As represented on FIG. 4, a channel of that wired logic essentially comprises a reception shifting register (40) and a transmission shifting register (41). Register (4) is connected to the sequential redundancy unit (42) making it possible to distinguish, on reception, the sound data pulses corresponding to the three previous samplings.

The pulses emanating from the reception unit (36) are transmitted to the reception register (40) by means of a reception channel validating logical circuit (43).

Upon the reception of a bundle of pulses by the reception unit (36) and validation of the channel by the logic (43), the synchronizing pulse of that bundle produces the activation of a trigger circuit (41) which starts off the reception cadence clock (45), so as to fill the shifting register (40) with the different values of the following pulses. The clock pulses are counted in a counter (46) equipped with a decoding circuit. A synchronizing logic (47) connected to the decoding counter (46) thus makes it possible to hold the end-of-bundle pulse in order to stop the reception clock (45) with the trigger circuit (44) and to prepare the start of a transmission clock (48).

The data information which is in the shifting register (40) is transmitted to the sequential redundancy processing unit (42) controlled by a logic (49). That unit (42) makes it possible to remove any doubt about the value of the datum to be transferred to the digital/analog converter (5) and from that converter to the interface (30). On the other hand, the management information contained in the shifting register (40) is transmitted to the microprocessor (31) by means of the bus (51).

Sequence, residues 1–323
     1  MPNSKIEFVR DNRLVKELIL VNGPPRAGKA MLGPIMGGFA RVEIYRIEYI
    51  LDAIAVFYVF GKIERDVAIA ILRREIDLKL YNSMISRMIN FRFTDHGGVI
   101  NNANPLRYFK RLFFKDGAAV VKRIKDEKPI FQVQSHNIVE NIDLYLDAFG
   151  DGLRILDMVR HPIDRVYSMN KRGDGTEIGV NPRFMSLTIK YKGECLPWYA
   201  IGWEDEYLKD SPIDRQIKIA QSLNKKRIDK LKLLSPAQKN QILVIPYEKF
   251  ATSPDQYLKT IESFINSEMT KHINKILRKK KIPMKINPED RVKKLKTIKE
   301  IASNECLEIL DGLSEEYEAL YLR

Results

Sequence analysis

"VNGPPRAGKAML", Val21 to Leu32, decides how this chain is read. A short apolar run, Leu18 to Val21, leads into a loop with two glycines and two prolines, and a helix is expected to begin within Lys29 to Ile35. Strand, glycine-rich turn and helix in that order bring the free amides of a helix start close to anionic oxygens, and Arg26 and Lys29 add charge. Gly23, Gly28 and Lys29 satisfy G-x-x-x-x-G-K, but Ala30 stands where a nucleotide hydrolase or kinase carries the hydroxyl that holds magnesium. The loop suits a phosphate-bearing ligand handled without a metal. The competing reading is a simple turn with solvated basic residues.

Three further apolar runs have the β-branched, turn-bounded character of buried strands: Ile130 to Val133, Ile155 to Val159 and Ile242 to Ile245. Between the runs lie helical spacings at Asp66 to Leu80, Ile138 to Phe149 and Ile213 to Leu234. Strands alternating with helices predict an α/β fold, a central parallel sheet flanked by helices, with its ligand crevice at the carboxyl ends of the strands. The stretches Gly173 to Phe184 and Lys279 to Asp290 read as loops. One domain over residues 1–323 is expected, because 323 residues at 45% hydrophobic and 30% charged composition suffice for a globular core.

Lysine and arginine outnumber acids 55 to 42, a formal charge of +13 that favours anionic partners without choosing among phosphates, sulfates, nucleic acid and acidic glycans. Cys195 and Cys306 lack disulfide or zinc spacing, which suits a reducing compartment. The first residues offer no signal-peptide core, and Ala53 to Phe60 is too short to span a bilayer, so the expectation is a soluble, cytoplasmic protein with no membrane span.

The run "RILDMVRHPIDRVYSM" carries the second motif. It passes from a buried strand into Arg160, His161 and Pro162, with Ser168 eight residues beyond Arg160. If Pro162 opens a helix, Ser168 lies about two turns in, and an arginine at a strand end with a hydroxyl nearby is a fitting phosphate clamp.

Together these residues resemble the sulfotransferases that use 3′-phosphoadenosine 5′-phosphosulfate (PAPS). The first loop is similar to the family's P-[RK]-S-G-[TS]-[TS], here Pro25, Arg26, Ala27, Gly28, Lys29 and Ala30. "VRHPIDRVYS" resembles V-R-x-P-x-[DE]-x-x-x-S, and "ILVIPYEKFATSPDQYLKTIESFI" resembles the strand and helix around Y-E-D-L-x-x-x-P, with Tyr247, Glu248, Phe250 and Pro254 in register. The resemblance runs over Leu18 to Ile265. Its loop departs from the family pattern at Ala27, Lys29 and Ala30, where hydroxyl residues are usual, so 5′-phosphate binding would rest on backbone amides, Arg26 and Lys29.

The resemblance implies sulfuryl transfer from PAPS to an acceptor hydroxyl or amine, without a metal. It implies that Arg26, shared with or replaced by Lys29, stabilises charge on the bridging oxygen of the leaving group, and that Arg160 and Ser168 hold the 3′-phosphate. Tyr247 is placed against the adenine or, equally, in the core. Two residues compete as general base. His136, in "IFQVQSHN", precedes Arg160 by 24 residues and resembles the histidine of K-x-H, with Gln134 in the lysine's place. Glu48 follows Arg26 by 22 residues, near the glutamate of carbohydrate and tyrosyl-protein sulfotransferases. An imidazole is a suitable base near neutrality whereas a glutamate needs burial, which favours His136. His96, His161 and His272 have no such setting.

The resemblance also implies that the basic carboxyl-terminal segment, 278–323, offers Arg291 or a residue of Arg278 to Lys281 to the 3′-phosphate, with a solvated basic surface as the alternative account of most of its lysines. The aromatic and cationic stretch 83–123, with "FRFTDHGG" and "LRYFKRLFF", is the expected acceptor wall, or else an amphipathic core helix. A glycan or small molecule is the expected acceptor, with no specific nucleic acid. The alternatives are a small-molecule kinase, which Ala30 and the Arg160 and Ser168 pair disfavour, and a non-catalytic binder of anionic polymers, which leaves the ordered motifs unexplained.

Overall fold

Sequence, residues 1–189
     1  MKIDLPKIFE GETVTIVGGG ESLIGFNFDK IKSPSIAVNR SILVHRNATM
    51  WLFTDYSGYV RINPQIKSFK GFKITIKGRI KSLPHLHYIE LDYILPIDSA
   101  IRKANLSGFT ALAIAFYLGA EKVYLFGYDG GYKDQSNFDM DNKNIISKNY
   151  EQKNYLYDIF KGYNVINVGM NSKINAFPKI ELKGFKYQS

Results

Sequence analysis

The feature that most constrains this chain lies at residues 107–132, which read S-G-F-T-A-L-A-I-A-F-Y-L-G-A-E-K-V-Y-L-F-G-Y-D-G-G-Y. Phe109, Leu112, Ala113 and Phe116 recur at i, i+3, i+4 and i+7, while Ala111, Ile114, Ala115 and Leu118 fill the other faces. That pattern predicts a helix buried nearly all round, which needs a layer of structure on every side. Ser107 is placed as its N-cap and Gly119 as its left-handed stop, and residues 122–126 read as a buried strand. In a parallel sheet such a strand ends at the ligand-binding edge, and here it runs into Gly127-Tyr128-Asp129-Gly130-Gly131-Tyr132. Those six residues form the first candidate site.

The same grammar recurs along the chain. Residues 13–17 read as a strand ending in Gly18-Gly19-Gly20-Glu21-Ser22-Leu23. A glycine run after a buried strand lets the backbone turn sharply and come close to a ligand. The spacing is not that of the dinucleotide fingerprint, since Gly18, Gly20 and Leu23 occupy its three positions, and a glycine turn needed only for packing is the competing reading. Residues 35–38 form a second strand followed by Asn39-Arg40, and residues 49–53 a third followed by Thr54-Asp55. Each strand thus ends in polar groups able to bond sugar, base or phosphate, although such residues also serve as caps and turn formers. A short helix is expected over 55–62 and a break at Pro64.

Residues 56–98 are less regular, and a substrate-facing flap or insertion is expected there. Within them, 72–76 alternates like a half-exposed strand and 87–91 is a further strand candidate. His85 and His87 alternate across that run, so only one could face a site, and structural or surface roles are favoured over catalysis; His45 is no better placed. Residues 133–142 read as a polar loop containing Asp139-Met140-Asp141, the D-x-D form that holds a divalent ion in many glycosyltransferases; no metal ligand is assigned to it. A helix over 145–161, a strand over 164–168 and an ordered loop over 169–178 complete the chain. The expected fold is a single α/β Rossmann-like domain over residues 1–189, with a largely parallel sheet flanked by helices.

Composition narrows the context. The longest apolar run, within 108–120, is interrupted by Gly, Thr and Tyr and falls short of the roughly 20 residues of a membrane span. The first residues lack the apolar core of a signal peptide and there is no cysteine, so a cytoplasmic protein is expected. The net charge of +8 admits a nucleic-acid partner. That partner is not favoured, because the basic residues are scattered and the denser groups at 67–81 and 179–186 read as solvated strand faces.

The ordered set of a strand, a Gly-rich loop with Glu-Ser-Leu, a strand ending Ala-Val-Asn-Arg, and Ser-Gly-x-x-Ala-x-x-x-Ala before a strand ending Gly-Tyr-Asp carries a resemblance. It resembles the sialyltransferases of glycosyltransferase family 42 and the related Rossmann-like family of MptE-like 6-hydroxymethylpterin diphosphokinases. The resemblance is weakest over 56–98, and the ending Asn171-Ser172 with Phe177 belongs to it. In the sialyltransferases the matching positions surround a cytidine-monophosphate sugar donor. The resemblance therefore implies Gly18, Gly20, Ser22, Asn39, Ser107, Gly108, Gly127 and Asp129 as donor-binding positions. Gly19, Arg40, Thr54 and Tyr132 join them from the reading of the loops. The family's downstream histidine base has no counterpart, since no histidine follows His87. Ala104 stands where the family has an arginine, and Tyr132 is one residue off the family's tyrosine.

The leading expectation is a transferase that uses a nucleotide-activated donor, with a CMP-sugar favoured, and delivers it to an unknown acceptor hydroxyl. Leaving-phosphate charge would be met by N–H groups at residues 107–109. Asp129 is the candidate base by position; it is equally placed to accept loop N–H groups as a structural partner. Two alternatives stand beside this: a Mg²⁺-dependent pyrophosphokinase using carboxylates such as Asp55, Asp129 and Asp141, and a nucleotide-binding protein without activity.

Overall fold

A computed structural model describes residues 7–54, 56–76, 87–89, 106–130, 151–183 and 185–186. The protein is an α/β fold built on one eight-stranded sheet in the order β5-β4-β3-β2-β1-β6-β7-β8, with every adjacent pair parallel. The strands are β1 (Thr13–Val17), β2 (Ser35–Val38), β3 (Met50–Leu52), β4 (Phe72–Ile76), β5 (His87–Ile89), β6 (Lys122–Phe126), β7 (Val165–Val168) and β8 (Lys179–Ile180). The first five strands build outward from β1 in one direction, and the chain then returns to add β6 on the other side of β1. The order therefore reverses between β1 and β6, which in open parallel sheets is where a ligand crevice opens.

Upon the occurrence of the end-of-transmission signal delivered by the synchronizing logic (47), the transmission shifting register (41) is loaded, on the one hand, for the sound data information, from a storage buffer (52) connected to the interface (30) by means of an analog/digital converter (53) and, on the other, for the management information, from a bus (54) connected to the microprocessor. The beginning- and end-of-bundle synchronizing pulses are introduced in the register (41) by forcing. The transmission clock (48) is then started off by a trigger circuit (55) and cadences the transmission of data coming out of the shifting register (41) to the transmission unit (35).